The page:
Police surround the apartment of apparent murderer Joe Adams, who refuses to surrender although escape appears impossible. During the siege, Joe reflects on the circumstances that led him to this situation.
Barbara Bel Geddes,
In Brooklyn, fishing is the hobby of the workers Jonah Goodwin and Olaf Johnson and they use to fish every night in their old boat. Jonah's daughter is the twenty-one year-old telephone ... See full summary »
In pursuit of stolen aircraft engines on a Central American island, federal agent Rigby meets chief suspect Hintten and his wife Elizabeth, a sultry cafe singer; and is watched by Bealer, a "pie-shaped man" with sore feet. Rigby knows he's on the right track when Bealer offers him money to leave Carlota. When Rigby and Elizabeth are drawn to each other, the gang realizes there's more than one kind of bribe. Everybody sweats.Written by
Rod Crawford <email@example.com>
This film was first telecast in Philadelphia Saturday 10 November 1956 on WFIL (Channel 6), followed by Seattle Monday 26 November 1956 on KING (Channel 5), by Hartford CT Thursday 13 December 1956 on WHCT (Channel 18), by Salem OR Wednesday 2 January 1957 on KGW (Channel 8), by New York City Monday 7 January 1957 on WCBS (Channel 2), by Chicago Tuesday 8 January 1957 on WBBM (Channel 2), by Altoona PA Sunday 10 February 1957 on WFBG (Channel 10) and by Los Angeles Friday 22 March 1957 on KTTV (Channel 11); in San Francisco it was first telecast 1 January 1958 on KGO (Channel 7). See more »
Don't like hearing that, do you? What don't you like about it most? Knowing that Hintten's a crook or that Rigby's a cop?
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Standard crime story with great atmoshpere and top players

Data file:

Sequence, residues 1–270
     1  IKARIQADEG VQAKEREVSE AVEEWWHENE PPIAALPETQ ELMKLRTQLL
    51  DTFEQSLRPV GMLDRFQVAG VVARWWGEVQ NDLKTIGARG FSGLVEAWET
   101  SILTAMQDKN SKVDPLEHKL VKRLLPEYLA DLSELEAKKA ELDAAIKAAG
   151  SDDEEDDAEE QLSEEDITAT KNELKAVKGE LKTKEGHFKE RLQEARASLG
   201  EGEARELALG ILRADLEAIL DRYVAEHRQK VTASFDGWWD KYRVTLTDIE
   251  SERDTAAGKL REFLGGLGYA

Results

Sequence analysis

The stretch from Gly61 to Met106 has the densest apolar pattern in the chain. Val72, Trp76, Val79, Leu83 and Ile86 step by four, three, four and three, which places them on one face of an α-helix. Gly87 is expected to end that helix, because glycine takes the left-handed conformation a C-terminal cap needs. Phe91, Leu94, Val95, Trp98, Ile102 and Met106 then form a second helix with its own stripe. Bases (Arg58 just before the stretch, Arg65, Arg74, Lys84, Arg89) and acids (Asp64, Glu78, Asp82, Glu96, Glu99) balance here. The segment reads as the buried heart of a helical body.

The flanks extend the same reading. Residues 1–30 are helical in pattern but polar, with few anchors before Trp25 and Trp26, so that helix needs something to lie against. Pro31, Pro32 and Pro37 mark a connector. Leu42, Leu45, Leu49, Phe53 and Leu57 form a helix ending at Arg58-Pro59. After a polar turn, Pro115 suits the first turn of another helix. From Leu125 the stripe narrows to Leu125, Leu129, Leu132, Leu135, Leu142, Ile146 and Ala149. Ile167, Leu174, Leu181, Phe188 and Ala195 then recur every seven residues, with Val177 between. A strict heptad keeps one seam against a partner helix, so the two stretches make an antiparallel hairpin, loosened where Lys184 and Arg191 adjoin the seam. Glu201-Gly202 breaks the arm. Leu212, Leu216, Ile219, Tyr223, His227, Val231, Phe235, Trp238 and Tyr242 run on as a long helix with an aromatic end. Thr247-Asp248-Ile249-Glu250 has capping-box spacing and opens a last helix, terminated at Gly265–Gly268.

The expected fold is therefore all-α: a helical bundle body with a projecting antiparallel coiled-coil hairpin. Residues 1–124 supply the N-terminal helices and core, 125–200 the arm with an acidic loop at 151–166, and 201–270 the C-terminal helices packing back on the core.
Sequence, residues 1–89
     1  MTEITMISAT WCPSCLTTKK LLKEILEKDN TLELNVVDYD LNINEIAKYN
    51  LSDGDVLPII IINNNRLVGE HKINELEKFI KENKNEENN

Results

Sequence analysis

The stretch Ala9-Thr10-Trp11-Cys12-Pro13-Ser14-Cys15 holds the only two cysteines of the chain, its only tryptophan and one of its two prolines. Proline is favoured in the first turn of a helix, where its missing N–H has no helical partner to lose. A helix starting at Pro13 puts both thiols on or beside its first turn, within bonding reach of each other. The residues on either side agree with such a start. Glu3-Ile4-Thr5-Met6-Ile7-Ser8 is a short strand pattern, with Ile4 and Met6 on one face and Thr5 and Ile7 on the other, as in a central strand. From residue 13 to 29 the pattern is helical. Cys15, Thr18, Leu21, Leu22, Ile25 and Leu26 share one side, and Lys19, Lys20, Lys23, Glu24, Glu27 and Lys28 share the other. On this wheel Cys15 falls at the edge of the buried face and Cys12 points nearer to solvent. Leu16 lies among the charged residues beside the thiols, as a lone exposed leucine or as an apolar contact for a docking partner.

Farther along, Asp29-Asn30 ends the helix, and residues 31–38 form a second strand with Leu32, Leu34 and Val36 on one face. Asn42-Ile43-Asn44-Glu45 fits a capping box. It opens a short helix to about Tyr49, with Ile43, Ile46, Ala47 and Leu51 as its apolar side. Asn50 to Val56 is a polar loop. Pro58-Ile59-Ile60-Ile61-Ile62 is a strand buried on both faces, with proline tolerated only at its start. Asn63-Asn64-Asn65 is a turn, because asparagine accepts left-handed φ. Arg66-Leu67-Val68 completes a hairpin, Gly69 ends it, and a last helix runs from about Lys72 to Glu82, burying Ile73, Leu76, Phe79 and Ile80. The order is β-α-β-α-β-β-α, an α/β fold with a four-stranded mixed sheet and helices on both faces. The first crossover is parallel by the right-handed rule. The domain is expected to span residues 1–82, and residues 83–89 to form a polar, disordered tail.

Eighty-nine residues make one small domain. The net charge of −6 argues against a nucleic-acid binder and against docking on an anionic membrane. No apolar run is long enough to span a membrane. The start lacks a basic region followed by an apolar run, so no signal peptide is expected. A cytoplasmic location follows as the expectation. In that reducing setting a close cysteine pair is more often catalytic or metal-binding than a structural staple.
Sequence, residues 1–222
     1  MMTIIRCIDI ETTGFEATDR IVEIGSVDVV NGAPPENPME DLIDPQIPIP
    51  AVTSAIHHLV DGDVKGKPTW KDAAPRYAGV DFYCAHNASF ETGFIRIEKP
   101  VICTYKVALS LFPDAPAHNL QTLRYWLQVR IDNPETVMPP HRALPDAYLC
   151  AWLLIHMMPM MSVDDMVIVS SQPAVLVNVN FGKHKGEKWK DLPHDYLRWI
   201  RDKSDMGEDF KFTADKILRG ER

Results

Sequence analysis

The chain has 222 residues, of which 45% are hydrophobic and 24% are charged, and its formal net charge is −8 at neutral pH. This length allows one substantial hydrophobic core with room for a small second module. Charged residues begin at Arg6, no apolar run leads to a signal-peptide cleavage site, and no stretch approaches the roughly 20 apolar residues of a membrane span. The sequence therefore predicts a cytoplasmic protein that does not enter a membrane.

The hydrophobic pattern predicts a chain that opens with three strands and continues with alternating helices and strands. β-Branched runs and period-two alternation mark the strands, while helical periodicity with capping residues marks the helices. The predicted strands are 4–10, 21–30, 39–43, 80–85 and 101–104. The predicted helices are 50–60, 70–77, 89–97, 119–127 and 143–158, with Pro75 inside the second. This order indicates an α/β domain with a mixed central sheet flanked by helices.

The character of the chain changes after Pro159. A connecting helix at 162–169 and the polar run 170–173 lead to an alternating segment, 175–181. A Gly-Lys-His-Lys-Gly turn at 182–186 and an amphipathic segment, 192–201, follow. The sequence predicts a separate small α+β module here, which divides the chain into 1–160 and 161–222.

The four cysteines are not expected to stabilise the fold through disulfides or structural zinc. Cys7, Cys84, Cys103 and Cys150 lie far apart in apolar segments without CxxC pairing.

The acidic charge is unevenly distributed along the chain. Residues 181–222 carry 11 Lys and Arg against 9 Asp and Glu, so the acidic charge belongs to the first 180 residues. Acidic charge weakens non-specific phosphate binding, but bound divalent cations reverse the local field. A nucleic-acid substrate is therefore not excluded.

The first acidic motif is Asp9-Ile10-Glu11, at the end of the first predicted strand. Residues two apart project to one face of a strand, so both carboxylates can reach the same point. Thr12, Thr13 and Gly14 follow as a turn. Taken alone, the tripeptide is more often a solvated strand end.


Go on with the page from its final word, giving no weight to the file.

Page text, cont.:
This is a fasinating example of film noir elements grafted on to an ordenary crime thriller, there is also romance between Robert Taylor and Ava Gardner, but thats a weaker part of the story. Taylor is to wooden in his role as a federal agent, Robert Mitchum would have been more suitable for this kind of film. But there are som nice noir caracters in the supporting roles, and director Robert Z Leonard contrasts effectivly the down at the heel feeling, with the surface glitter of the big town criminals who move trough it, giving the film a glossy look that at the same time is filled with an atmosphere of moral corruption. Ava Gardner is very beatiful in this early role, and she makes the most of it, Charles Laughton is very good as the sly henchman, oily and treacherous, he creats a fasinating character of a small role, a sort of unshaven Quasimodo, who sweats a lot and have trouble with sour feets. He is both human, weak and repulsive at the same time. Vincent Price is the suave villain, his playboy sportsman is both naive and evil but more icy than most of his roles of this kind, and he gives a fine performance. John Hodiak is a broken down ex-pilot, with alcoholic problems, a small role but well played. All these supporting players give the film a definite noir feeling, as well as Joseph Ruttenbergs moody graphics and Miklos Rozas score, also telling the story in flashback with Taylor narrating while recovering from beeing druged, gives the story a feeling of defeat and betrayal. The settings are dirty and seedy and the climate steamy, and the usual glossy high MGM production values, gives the footage a feeling of tropical heat. The story is a little slow moving, but the final shot-out between Taylor and villain Price during a carnival, is stylish and intersting as the element of death and joy are effectivley juxtaposed.
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